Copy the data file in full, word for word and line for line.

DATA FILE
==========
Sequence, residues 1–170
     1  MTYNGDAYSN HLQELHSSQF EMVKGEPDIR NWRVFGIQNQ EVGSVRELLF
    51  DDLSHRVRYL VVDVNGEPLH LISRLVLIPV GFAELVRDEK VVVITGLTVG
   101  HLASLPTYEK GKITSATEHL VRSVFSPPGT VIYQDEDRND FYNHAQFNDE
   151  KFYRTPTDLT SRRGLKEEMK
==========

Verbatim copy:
Sequence, residues 1–170
     1  MTYNGDAYSN HLQELHSSQF EMVKGEPDIR NWRVFGIQNQ EVGSVRELLF
    51  DDLSHRVRYL VVDVNGEPLH LISRLVLIPV GFAELVRDEK VVVITGLTVG
   101  HLASLPTYEK GKITSATEHL VRSVFSPPGT VIYQDEDRND FYNHAQFNDE
   151  KFYRTPTDLT SRRGLKEEMK